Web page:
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BNP's Nick Griffin set to address UCC society on free speech

The British right-wing politician is to participate in a UCC debate months after another Irish university group withdrew its invitation to him.

File photo of BNP leader and MEP Nick Griffin.
File photo of BNP leader and MEP Nick Griffin.
Image: Ian Nicholson/PA Wire

Updated at 3.30pm

BRITISH NATIONAL PARTY leader and MEP Nick Griffin is expected to attend a UCC debate in the New Year, just months after a Trinity College student society withdrew its invitation for the controversial politician to visit.

The UCC Government and Politics Society says Griffin has accepted its invitation to speak in a debate on the importance of free speech in modern society.

The society’s chairperson Ben English told that its invitation to Griffin “is by no means a defence of what he has to say, rather it is a defence of his right to say it”.

English said Griffin will face an as-yet-unnamed second speaker in a chaired debate on free speech before taking questions from the floor.

The society decided to invite him after his invitation to address a student group at Trinity College was withdrawn recently. English said that the student group wanted to stand up in support of free speech, adding that free speech is not objective: “We can’t decide who gets freedom of speech.”

In these kinds of situations, and in Trinity’s case, college groups should not cave to outside pressures, English said.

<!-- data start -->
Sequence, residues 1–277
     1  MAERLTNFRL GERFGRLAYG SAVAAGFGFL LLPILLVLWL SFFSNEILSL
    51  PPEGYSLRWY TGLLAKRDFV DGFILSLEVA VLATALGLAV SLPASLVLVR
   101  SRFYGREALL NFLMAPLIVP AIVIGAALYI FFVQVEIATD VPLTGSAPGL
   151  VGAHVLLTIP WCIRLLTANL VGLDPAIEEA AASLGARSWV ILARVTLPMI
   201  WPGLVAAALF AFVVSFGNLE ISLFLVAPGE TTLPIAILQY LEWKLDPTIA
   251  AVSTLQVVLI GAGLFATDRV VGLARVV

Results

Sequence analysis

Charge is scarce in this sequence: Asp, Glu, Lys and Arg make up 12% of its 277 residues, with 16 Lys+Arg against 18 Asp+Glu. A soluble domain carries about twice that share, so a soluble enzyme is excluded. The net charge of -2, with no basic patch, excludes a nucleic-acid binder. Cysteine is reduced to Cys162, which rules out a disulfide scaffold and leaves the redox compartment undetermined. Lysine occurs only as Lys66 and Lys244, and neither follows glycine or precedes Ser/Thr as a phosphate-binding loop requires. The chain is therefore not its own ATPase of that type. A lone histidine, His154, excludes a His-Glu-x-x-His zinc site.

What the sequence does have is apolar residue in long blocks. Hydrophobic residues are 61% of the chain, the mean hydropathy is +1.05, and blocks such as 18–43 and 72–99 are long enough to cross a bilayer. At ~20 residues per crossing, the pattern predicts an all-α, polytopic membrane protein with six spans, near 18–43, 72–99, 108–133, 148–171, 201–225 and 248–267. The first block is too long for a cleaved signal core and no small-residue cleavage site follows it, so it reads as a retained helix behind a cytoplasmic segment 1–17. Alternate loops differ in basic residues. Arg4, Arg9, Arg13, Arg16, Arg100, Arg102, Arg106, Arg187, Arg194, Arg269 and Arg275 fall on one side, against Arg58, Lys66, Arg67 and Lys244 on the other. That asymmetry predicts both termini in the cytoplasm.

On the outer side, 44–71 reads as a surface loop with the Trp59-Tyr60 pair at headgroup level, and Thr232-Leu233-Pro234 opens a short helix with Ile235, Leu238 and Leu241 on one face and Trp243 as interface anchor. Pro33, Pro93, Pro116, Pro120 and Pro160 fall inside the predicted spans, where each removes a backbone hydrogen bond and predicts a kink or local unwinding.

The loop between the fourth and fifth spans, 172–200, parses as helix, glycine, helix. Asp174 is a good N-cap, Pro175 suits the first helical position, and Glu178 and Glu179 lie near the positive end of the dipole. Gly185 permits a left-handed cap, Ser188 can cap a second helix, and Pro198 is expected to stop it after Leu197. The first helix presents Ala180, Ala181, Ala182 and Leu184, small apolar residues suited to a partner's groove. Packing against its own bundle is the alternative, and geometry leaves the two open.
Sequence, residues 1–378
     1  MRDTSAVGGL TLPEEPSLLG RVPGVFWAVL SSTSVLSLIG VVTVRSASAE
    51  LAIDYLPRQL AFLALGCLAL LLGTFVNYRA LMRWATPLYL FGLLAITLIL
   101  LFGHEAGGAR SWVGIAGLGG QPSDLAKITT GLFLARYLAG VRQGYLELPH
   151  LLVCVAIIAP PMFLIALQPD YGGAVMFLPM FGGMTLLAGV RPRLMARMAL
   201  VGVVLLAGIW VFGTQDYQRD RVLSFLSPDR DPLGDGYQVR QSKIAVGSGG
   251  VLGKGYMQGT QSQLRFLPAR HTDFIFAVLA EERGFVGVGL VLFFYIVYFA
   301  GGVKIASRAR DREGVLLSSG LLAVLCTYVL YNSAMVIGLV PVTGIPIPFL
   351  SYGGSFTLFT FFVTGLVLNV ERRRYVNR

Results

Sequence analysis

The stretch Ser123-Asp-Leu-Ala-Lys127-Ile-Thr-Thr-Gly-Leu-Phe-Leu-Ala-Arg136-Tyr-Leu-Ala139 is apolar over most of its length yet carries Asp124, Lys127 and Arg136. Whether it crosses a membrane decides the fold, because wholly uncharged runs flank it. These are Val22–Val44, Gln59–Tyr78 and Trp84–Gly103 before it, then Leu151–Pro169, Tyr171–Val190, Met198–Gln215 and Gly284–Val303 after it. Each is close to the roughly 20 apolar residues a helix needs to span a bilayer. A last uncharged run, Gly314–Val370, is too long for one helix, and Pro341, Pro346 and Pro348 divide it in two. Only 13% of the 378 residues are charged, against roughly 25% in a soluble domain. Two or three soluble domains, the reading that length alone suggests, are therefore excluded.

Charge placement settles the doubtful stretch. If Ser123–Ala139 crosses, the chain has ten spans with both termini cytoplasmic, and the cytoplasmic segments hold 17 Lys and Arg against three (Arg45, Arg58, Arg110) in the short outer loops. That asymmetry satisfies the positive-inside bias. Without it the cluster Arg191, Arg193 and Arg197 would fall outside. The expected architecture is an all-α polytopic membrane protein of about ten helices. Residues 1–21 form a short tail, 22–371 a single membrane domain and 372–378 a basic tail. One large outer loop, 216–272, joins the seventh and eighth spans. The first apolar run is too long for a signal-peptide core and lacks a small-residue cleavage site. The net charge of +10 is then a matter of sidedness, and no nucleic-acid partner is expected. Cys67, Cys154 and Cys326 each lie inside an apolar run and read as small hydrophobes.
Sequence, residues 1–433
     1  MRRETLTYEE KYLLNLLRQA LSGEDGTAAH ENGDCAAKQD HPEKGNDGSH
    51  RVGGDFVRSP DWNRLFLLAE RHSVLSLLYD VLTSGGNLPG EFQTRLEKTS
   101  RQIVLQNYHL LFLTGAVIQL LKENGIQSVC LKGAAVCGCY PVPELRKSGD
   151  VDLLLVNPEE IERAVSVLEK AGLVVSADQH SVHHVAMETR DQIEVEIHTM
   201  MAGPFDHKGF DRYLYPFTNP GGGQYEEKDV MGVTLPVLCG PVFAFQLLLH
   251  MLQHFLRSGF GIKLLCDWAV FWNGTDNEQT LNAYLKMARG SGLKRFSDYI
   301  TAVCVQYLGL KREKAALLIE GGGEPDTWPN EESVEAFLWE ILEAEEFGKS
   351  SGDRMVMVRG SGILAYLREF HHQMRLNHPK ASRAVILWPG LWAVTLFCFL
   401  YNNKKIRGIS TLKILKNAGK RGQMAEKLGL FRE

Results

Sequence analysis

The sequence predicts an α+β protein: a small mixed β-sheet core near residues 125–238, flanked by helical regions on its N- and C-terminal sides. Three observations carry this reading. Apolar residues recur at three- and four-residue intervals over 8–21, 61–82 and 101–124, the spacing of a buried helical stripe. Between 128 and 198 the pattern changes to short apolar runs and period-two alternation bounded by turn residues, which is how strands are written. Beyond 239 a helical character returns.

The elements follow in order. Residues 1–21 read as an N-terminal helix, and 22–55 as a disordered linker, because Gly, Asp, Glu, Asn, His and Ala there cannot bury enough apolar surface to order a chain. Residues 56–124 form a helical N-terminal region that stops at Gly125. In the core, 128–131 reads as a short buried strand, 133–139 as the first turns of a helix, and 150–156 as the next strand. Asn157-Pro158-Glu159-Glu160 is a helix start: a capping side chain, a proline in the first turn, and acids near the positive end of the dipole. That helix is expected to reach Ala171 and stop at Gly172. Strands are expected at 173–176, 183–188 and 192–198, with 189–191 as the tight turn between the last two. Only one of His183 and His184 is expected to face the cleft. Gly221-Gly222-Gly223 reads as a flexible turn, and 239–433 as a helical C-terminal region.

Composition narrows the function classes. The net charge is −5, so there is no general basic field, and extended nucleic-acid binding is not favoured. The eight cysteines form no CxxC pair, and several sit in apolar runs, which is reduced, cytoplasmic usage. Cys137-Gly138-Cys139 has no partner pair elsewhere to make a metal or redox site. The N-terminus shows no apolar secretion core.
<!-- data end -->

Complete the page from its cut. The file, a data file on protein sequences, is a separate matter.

“You need to make tough decisions and bring in people who are going to cause a bit of controversy; in the long-run it’s an event that needs to be held. People need to see something new. Our society is trying to move away from the discourse and get people talking,” he said. “The society’s main goal is to encourage students who are generally politically apathetic to engage in debate.”

English said the society has met with college staff to notify them of the event and to put “strict plans in place” to ensure the safety of staff, students and Griffin. The college has indicated it will facilitate the event, he added.

The BNP confirmed to today that Griffin is interested in participating in the debate and has accepted the invitation. A spokesperson for the party said the MEP would answer any questions put to him by the debate participants or audience.


The UCC Labour Society says it plans to campaign against Griffin’s visit to the college.

Chair of the society Dean Duke told that the Labour Soc last night agreed to boycott a joint trip planned between it and the UCC Government and Politics Soc to Leinster House.

Duke said his group does not accept that Griffin’s invitation to speak is really a free speech issue and that his “intolerant views” should not be accommodated:

Nick Griffin is free to say what he likes (within the confines of the law), but that doesn’t mean that a UCC society should be hosting him. There’s a difference between allowing free speech and giving someone a platform and an audience.

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The BNP leader was due to participate in a debate on immigration at Trinity’s Philosophical Society in October, but the society withdrew its invitation after the college said it could not guarantee the safety of the event’s attendees.

The society said that while it supports Griffin’s right to speak on the issue of immigration, it felt it had “no other responsible choice” but to cancel the debate over safety concerns.

Griffin accused people protesting his Trinity appearance of using “fascist methods” to disrupt the event. He also said he complained to gardaí about the protests which disrupted a separate society event and led to the cancellation of the one he was to attend.

A date for the UCC events has not been confirmed, but it is expected to take place in late February 2012.

Poll: Should far-right groups be given a platform to speak?

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